Dress codes relating to wearing signs of religious belief considered by the Advocate General

Dress codes relating to wearing signs of religious belief considered by the Advocate General

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The Advocate General (AG) has recently provided an opinion that a dress code which only allows individuals to wear small scale signs of religious belief, while banning larger scale signs, could be justified.

The German courts had referred two cases to the European Court of Justice (ECJ) to consider whether dress codes which prohibited certain forms of religious dress were indirectly discriminatory against individuals holding a philosophical or religious belief. Indirect discrimination is capable of being justified if it is a proportionate means of achieving a legitimate aim.

The two cases involved:

  1. A carer in a child care setting who wore an Islamic headscarf. The employer had required all employees to observe “political, philosophical and religious neutrality” to enable the children in their care to be free to develop their own beliefs. All employees were informed signs such as a Christian cross, Muslim headscarf or Jewish kippah were unable to be worn around the children.
  2. The second case involved a member of sales staff at a pharmacy who also wore an Islamic headscarf. The pharmacy asked all staff not to wear large-scale religious signs.

Both individuals claimed that their employer’s instruction was discriminatory on the grounds of religion or belief. The German courts asked the ECJ to consider, amongst other things, whether indirect discrimination on the grounds of religion could be justified by the employers stated aim of a policy of political and religious neutrality and whether a policy could be justified which prohibited large-scale religious signs, but permitted smaller scale signs.

The AG’s opinion

The AG concluded that the employers’ directions not to wear headscarves were not directly discriminatory against either individual, because it was a direction given to all employees regardless of their faith. Rather than specifying that individuals of a particular religion could not wear specific manifestations of their faith, e.g. that a Muslim employee could not wear headscarves, the employer had issued general directions applying to all employees of all faiths.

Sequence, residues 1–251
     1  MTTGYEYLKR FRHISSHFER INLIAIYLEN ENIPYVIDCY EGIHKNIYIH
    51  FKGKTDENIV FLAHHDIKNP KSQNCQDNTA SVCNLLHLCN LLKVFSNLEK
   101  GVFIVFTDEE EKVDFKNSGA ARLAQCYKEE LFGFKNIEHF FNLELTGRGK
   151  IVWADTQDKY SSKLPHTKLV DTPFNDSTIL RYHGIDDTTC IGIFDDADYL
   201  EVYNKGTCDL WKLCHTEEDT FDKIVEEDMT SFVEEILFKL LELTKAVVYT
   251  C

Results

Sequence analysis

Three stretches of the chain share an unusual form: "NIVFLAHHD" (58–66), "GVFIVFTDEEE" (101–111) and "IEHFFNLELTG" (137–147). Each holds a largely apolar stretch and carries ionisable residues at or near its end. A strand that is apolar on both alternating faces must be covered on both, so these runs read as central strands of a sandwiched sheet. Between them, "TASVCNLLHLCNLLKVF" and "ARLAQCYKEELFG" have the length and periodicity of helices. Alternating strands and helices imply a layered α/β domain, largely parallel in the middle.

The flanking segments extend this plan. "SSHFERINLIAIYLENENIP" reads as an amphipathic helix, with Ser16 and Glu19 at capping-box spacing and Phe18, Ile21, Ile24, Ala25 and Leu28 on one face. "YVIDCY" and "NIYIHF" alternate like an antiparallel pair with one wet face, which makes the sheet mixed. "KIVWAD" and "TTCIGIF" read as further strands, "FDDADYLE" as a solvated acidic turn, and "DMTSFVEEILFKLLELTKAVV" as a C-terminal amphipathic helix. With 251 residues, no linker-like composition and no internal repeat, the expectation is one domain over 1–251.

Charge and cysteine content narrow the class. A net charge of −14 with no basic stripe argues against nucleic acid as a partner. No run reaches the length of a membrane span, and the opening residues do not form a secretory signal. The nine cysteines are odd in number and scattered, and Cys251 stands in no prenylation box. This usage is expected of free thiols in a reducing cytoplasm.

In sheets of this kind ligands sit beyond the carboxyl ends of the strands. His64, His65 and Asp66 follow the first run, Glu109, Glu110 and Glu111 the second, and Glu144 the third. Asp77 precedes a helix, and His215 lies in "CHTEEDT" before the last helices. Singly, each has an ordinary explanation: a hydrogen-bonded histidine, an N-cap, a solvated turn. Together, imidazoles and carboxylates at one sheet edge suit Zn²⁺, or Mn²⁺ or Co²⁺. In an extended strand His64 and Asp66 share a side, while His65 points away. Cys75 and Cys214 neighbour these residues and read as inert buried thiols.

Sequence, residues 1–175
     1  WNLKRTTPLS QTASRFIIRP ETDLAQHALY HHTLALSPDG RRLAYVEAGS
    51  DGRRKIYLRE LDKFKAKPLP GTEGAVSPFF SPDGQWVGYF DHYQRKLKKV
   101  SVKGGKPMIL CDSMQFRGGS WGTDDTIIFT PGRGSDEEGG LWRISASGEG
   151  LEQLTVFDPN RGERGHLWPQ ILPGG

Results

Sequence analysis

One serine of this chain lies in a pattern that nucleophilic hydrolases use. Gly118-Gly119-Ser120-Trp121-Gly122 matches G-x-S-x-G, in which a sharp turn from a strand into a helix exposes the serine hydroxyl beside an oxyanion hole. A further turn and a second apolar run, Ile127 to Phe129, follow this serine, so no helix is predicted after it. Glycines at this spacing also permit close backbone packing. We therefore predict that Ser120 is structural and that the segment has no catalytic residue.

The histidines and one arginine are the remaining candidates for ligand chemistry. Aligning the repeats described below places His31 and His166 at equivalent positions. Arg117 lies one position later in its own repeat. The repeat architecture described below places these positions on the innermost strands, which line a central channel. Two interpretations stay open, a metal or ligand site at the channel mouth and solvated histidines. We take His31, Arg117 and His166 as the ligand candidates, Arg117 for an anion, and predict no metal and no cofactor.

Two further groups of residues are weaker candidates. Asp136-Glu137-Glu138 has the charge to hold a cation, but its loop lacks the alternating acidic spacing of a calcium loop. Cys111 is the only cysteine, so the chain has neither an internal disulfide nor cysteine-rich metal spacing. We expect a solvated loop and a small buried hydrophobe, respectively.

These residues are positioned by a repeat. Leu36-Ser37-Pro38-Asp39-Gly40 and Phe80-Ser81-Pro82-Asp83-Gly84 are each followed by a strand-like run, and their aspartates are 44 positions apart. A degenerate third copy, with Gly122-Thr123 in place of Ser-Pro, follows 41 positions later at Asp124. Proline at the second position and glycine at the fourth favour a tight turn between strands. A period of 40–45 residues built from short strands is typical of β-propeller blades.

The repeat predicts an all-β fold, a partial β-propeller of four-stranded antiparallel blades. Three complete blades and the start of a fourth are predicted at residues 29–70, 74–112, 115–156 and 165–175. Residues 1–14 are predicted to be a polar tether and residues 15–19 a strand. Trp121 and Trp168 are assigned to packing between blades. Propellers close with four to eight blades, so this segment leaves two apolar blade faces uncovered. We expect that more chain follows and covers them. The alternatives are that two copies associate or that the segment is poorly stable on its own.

Turning to the question of indirect discrimination, the AG noted that in these two cases there was a legitimate aim. In the second case, the employer’s policy of political, philosophical and religious neutrality in its relations with its customers is a legitimate aim.

The AG then looked at whether the employer’s stated aim of pursuing a position of religious and political neutrality could be justified. The AG said that it could be, provided that the means of achieving that aim were proportionate and necessary.

The AG also said that he considered that a rule which prohibited large-scale manifestations of faith, such a headscarf, but permitted smaller signs such as a pin badge or a cross necklace, was also capable of being justified. He referred to the case of Eweida in which the European Court of Human Rights held that a British Airways employee who wished to wear a necklace with a cross on it was not incompatible with the employer’s position of neutrality as it was not noticeable at first glance and was small. He considered that, while it may be justified in some cases to ban all manifestations of religion, it equally could be justified to limit such manifestations to small, discreet signs only.

What does this mean for the UK?

When the matter reaches the ECJ, the court will not be bound by the AG’s opinion and so the European position may well develop further.

As the AG’s opinion and any finding of the ECJ take place after the end of the transition period following Brexit, the UK courts and tribunals can have regard to the AGs opinion and the ECJ judgment, but they don’t have to follow it.

That said, the AG’s opinion does provide employers with some comfort that dress codes addressing political or religious signs are possible, depending on the circumstances. In particular, there must be a legitimate aim (for example adopting a position of religious neutrality in reasonable circumstances), and that the dress code must be both proportionate and necessary to achieve that aim.

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